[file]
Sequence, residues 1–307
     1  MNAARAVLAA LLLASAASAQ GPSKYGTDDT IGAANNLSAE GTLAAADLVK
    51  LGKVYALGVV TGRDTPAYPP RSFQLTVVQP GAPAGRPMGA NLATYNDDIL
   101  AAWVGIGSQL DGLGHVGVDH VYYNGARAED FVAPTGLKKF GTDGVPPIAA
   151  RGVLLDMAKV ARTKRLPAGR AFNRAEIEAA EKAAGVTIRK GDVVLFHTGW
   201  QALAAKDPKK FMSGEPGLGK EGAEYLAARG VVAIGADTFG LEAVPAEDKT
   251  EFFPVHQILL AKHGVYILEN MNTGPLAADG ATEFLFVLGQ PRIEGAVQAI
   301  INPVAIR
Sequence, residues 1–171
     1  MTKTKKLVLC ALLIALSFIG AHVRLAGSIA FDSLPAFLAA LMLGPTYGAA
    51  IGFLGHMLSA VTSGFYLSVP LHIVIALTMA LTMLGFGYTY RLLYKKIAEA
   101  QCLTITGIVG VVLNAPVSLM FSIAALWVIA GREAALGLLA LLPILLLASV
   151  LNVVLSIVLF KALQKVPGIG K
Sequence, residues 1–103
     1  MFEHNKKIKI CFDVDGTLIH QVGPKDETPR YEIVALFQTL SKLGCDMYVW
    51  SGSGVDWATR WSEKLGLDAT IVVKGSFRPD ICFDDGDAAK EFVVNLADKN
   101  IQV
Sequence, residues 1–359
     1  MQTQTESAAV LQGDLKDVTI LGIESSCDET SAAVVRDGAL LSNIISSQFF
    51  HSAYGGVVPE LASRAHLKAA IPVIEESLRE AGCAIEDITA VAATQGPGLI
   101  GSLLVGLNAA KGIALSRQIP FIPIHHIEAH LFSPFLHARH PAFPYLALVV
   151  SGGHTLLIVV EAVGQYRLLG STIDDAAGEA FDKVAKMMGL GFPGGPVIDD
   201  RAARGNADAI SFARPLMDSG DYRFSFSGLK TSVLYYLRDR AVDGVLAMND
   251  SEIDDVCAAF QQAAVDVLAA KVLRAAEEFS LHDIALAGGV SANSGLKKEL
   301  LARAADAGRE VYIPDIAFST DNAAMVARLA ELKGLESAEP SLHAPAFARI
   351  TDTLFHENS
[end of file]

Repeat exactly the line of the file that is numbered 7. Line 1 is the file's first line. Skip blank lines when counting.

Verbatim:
   251  EFFPVHQILL AKHGVYILEN MNTGPLAADG ATEFLFVLGQ PRIEGAVQAI